Anticommutativity

In mathematics, anticommutativity is the property of an operation with two or more arguments wherein swapping the position of any two arguments negates the result. Anticommutative operations are widely used in algebra, geometry, mathematical analysis and, as a consequence, in physics: they are often called antisymmetric operations.

Definition

An -ary operation is anticommutative if swapping the order of any two arguments negates the result. For example, a binary operation ∗ is anti-commutative if for all x and y,

xy = −(yx).

More formally, a map from the set of all n-tuples of elements in a set A (where n is a non-negative integer) to a group is anticommutative if and only if where is an arbitrary permutation of the set (n) of the first n positive integers and is its sign. This equality expresses the following concept:

• the value of the operation is unchanged, when applied to all ordered tuples constructed by even permutation of the elements of a fixed one.
• the value of the operation is the inverse of its value on a fixed tuple, when applied to all ordered tuples constructed by odd permutation to the elements of the fixed one. The need for the existence of this inverse element is the main reason for requiring the codomain of the operation to be at least a group.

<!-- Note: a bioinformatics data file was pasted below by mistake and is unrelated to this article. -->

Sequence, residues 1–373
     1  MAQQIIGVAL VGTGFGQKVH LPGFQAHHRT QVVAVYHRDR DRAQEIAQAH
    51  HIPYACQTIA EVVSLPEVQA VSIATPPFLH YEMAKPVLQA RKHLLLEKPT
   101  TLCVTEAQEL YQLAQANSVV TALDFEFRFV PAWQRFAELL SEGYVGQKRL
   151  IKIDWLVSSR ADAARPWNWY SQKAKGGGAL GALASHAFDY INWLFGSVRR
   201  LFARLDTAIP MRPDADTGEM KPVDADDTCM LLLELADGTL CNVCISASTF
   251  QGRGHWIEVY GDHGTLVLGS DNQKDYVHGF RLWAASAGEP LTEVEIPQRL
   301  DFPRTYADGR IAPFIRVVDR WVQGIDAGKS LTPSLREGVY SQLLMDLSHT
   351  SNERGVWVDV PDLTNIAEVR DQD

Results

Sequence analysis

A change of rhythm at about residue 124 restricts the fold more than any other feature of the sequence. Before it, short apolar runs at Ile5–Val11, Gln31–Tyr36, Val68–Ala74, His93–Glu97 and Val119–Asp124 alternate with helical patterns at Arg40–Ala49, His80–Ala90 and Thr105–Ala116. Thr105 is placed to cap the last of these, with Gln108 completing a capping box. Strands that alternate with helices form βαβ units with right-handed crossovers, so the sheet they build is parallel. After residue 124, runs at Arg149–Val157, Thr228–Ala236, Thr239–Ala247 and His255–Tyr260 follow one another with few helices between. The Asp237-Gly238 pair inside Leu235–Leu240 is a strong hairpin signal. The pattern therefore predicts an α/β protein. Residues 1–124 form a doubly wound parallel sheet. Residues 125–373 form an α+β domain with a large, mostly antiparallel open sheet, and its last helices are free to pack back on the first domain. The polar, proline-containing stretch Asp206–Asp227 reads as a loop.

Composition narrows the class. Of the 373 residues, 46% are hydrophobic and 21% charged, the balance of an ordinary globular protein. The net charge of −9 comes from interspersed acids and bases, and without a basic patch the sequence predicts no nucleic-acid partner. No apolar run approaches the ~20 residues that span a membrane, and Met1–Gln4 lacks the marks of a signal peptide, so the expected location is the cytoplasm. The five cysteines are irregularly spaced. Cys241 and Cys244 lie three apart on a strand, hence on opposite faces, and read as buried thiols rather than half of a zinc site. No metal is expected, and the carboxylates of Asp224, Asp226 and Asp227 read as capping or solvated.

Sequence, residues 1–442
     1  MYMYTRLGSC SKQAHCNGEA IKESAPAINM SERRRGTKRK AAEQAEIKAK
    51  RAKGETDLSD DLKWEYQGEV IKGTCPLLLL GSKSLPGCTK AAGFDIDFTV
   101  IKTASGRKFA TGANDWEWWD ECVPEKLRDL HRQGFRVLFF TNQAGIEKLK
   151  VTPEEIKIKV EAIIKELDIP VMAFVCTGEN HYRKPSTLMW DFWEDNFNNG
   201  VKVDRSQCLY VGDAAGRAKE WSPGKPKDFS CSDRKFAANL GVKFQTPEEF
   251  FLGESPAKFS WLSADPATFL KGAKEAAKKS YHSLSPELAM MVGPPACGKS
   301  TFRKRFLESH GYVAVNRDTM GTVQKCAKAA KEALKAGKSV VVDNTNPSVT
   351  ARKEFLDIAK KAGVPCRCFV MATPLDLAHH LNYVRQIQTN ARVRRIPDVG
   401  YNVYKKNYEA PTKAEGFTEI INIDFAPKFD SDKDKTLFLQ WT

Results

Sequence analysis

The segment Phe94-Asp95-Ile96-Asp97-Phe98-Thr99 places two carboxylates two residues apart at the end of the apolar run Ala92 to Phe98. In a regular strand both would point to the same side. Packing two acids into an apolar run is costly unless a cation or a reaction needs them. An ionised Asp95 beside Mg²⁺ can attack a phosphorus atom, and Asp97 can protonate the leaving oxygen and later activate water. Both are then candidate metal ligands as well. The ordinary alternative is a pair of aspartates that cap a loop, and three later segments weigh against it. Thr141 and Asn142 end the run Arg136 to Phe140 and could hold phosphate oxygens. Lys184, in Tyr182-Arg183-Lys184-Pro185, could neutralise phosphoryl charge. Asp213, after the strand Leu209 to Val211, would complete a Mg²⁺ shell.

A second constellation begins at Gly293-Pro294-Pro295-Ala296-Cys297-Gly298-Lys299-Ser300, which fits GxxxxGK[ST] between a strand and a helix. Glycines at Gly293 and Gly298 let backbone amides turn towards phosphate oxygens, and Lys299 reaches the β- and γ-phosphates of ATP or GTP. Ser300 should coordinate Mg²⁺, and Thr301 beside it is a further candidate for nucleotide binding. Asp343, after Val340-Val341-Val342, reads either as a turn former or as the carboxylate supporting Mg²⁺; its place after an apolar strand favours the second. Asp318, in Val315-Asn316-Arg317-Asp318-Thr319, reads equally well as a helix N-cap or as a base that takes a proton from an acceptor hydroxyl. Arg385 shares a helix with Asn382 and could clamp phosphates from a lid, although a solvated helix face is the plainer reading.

Note that this is an abuse of notation, since the codomain of the operation needs only to be a group: "−1" does not have a precise meaning since a multiplication is not necessarily defined on .

Particularly important is the case n = 2. A binary operation is anticommutative if and only if This means that x1x2 is the inverse of the element x2x1 in .

Properties

If the group is such that i.e. the only element equal to its inverse is the neutral element, then for all the ordered tuples such that for at least two different index  In the case this means Examples

Examples of anticommutative binary operations include: Look up anticommutativity in Wiktionary, the free dictionary.